on 21-09-2018 13:32
This weekend, the world will be celebrating the International Day of Sign Languages. The date picked for this day, September 23rd, actually marks the day the World Federation of the Deaf was established in 1951.
There's been a lot of progress since 1951, and for example it's now possible to contact O2 using British Sign Language through SignVideo, a free and easy service. You can find out more about how it works in our helpful Community Guide here, and if you've used this before we'd love to hear about your experience!
I never realised how many different types of sign languages are out there, but I wish I took the time to learn one in the past years. Even though I have not got around to it yet, this is something I would definitely be interested in learning going forward.
Do you guys know any sign language? Have you tried learning one, or do you want to?
It'll be great to hear more from you on this!
Check out some of the recent discussions:
→ What do you look for in a new tablet Let us know what your criteria are when picking up a tablet!
→ MWC - The future with 5G Have a look at some potential 5G uses, and let us know what it means to you!
→ Which O2 Academy gig are you most interested in this year? Check out what's coming up and let us know which gig you fancy!
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If you'd like to take part, why not register?
21-09-2018 13:50 - edited 21-09-2018 13:50
I can sign in Makaton
OnePlus 6 (O2 & Sfr), Z3 Tablet (Three UK), iPhone7 (EE)
21-09-2018 13:55 - edited 21-09-2018 13:56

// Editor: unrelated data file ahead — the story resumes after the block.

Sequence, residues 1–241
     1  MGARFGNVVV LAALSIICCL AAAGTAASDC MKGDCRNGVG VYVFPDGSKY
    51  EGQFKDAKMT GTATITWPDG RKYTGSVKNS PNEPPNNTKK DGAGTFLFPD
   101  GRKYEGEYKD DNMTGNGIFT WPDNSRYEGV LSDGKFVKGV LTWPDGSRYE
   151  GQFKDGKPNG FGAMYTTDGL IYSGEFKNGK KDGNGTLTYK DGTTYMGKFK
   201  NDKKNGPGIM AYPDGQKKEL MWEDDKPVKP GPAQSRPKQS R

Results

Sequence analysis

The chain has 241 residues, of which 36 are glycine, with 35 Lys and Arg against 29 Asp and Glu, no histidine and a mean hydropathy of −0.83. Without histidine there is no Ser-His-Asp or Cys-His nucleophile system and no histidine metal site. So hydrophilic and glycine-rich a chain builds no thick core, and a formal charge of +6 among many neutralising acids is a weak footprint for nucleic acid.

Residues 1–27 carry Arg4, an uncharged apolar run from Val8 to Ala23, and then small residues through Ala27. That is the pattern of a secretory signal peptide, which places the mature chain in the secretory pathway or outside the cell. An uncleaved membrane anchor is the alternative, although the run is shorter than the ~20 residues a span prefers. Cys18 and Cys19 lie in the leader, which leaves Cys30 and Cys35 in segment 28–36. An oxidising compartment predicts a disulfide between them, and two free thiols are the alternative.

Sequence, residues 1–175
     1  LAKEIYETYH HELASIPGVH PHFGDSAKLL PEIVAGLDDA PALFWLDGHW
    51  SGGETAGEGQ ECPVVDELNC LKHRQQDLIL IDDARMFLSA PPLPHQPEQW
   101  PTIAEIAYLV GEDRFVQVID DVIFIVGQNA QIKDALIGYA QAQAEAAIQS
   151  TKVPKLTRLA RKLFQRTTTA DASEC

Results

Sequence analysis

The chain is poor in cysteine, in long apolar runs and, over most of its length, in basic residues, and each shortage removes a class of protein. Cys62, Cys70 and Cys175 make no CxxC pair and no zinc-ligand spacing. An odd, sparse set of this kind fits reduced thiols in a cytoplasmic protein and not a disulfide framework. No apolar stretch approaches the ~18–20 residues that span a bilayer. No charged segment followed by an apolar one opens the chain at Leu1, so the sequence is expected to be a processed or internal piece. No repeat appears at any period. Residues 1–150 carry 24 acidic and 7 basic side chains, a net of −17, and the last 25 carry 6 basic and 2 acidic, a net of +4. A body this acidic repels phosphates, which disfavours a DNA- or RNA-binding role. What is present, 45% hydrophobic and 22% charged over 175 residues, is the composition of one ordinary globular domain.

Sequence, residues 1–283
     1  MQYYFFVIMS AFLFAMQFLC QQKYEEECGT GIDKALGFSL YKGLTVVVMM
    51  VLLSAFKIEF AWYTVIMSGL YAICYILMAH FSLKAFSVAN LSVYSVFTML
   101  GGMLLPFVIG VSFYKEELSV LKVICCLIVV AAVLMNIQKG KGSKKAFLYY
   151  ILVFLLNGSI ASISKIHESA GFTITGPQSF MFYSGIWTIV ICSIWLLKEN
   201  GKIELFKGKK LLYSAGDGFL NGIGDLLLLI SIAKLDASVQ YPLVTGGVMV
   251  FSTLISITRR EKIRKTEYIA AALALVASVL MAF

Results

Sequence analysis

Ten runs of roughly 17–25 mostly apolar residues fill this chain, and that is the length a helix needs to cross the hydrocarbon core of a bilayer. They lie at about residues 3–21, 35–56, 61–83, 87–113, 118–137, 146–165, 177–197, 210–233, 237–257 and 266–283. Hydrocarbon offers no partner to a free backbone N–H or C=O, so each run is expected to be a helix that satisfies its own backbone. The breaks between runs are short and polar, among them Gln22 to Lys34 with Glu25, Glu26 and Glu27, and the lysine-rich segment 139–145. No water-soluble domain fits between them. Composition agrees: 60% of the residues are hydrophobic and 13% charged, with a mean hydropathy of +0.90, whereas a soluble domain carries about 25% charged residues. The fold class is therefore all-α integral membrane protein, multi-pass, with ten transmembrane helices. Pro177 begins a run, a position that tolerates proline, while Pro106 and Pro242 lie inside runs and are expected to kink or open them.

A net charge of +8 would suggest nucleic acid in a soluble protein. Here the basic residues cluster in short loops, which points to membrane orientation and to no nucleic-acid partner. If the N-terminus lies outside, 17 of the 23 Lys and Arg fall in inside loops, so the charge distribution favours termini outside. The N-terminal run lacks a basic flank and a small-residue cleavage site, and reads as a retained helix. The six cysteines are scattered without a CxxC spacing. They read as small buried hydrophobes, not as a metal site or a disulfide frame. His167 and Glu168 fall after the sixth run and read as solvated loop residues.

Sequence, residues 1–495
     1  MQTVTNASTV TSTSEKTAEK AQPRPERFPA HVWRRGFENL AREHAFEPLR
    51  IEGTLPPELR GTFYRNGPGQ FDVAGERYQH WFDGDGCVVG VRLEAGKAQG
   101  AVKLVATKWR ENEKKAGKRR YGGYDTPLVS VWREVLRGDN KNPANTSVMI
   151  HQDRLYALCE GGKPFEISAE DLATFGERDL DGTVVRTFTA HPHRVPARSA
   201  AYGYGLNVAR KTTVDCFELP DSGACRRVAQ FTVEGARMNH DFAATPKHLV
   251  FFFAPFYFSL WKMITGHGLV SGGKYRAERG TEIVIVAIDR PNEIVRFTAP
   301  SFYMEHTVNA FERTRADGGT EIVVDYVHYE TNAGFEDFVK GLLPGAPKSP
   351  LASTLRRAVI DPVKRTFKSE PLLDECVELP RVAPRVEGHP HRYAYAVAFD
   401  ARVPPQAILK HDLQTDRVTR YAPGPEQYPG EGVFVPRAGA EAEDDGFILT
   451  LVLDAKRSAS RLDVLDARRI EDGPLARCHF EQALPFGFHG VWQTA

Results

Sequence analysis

I did a course a few years ago and learnt the basics. I can still sign the pleasantries, colours, the alphabet and a few other bits.. all taught by a woman who was deaf from birth. None of us were allowed to talk in class (we failed miserably) but it was such good fun.
ill always remember ‘please to the knees’ ‘Thank You’ and ‘please’ are the same but ‘please’ is a bigger movement (to the knees)
21-09-2018 14:36 - edited 21-09-2018 14:36
Many years ago I did learn some of the basics to deal with profoundly deaf patients...but with medical terminology it was difficult. We had a group of dedicated signing experts within the hospital environment so we could always call on them.
I also found it more convenient to draw and write on a pad when describing the operation the patient had.
Obviously relatives played a major part in any discussions..
on 21-09-2018 14:57
on 21-09-2018 18:39
Having driven on various roads and countries, there is definitely a universal sign language that transgresses all cultures.
Though I'm intrigued by signing and find it a challenge to decypher the descriptive when watching TV news.
on 21-09-2018 18:51
I had a profoundly deaf customer at Waitrose. We communicated with pen and paper. It was fine and she seemed happy. I admit that it would have been better, and more respectful, if I could have signed to her. But I just never got round to learning.
21-09-2018 19:14 - edited 21-09-2018 19:20
I tried a British Sign Language course at our local Hearing Centre. It proved difficult plus hubby couldnt learn either.So Im now learning lip reading (speech reading) instead.
However each year the Centre does BSL Christmas songs for funds or for entertainment in local Homes. Coool . And a lot of fun all round.
21-09-2018 19:42 - edited 21-09-2018 19:43
Deafness ? A pictorial symbol. My g'daughter was playing with a sculpture so I snapped the comical view. Later it appeared to be a representation - deafness in all forms mask both the person& the world